Such limitations on screening would also have unintended consequences that would adversely impact low-income residents, such as greater reliance on financial records and credit scores.
Just Cause Eviction Policy
The passage of just cause eviction laws eliminate a property owner or operator’s right to serve a nonrenewal notice on a resident at the end of the lease term. It would require an owner to "show cause" and obtain a court order to terminate a lease. This process also pits neighbor against neighbor. Under JCE laws, owners and managers would have to rely on crucial evidence to evict problem residents including resident testimony. Residents are unlikely to testify in opposition to harassing or even dangerous residents as this would place them in harm’s way.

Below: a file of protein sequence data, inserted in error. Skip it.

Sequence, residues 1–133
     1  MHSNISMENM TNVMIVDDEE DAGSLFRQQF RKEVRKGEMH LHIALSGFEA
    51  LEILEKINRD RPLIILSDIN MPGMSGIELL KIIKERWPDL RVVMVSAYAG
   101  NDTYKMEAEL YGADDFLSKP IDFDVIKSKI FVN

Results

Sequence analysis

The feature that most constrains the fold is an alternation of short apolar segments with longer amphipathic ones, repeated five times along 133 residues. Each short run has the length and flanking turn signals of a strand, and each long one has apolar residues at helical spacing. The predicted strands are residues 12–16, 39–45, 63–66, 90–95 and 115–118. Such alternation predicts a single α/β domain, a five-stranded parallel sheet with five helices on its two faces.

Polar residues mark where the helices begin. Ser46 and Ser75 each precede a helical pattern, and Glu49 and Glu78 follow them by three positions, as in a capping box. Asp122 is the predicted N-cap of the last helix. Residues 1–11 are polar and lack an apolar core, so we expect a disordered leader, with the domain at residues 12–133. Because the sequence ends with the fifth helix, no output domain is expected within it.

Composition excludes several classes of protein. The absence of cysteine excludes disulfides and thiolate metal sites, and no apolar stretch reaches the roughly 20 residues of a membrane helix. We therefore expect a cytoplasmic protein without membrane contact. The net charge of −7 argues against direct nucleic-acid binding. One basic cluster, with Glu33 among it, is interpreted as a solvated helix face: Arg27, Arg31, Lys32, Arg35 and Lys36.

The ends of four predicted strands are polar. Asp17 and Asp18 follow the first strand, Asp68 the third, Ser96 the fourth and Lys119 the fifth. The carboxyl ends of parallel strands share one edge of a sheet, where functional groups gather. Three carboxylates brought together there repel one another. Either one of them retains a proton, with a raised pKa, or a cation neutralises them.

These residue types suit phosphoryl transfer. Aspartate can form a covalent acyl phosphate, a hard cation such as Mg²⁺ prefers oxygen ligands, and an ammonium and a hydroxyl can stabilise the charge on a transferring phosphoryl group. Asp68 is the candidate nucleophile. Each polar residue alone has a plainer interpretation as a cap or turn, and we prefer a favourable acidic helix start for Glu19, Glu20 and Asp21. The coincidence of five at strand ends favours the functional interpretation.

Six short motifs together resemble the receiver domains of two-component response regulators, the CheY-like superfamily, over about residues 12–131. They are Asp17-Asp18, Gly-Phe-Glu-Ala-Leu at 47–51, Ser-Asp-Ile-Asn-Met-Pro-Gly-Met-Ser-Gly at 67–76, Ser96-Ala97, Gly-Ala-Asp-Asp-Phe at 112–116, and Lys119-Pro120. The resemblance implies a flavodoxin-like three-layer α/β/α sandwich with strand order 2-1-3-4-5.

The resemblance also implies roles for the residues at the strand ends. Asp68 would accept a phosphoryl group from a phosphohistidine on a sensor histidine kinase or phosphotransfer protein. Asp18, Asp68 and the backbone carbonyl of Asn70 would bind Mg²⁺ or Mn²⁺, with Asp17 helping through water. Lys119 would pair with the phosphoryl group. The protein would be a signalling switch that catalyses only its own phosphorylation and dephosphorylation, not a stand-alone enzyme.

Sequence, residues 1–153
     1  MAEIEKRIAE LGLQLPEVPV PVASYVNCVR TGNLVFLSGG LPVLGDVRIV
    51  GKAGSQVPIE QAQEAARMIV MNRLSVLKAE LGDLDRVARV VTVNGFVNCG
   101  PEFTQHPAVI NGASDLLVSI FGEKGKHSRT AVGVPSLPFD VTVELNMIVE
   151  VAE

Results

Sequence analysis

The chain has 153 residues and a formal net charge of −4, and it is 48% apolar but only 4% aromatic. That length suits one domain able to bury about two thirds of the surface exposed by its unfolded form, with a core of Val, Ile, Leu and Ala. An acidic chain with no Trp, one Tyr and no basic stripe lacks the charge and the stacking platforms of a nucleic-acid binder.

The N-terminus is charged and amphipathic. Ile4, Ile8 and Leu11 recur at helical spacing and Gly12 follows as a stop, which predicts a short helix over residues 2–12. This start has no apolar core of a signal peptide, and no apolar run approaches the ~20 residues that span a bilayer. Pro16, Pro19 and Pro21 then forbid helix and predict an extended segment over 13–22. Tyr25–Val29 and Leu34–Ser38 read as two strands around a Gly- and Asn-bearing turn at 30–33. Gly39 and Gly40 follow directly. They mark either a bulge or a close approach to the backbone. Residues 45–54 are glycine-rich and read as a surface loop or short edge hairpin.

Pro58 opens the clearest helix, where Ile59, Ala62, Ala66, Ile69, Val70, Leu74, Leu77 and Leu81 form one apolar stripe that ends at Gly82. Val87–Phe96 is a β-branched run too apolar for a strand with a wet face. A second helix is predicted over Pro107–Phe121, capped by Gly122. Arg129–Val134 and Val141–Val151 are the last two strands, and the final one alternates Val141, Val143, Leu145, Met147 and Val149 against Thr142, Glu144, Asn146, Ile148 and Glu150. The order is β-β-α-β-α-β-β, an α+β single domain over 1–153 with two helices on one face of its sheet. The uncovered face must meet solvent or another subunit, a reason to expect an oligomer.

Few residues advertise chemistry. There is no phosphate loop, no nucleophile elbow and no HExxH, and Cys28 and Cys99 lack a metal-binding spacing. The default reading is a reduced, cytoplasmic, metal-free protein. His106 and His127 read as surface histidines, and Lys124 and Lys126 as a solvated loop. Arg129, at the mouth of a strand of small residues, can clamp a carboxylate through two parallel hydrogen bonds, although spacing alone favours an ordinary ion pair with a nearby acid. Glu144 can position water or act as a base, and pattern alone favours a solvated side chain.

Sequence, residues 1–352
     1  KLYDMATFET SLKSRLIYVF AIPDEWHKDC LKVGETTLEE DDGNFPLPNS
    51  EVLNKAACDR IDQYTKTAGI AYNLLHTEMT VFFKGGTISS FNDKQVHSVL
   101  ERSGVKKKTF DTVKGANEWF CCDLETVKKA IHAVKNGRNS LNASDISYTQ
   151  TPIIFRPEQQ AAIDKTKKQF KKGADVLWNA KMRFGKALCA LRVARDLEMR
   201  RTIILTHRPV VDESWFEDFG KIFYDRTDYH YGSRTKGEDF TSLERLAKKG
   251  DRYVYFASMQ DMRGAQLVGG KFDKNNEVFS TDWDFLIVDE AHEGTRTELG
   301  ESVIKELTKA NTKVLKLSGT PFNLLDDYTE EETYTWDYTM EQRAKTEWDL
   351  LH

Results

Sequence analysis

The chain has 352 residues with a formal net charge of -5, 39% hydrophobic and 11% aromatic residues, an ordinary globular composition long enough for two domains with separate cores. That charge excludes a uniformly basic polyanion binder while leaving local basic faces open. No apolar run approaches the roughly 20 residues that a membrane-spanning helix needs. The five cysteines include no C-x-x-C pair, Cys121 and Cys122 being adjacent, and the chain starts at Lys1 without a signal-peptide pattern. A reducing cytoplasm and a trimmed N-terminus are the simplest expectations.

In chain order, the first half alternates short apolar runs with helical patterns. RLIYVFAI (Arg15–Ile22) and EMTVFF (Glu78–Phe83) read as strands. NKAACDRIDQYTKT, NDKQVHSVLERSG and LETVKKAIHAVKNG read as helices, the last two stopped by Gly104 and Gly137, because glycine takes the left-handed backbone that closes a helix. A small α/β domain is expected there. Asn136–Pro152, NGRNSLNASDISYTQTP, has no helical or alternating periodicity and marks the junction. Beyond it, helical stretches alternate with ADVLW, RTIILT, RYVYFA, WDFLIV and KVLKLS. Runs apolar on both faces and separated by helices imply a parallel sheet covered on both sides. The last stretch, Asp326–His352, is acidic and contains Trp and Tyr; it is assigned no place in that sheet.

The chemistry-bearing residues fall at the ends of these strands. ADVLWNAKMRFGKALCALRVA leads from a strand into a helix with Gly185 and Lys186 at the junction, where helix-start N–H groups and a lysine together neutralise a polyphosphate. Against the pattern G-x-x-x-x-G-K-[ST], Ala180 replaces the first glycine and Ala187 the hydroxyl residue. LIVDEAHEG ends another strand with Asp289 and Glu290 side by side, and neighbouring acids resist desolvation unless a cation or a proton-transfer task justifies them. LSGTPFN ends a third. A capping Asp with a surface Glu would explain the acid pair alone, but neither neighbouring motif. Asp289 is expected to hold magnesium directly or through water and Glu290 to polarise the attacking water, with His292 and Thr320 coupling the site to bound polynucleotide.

These policies foster an adversarial relationship between rental property owners and their residents as they become frustrated with the inability of property owners to act on their complaints and remove problem residents. When issues arise, community residents are subjected to living on the property without relief while the investigative and judicial process to convict an individual of a crime takes time. The outcome is good residents move out.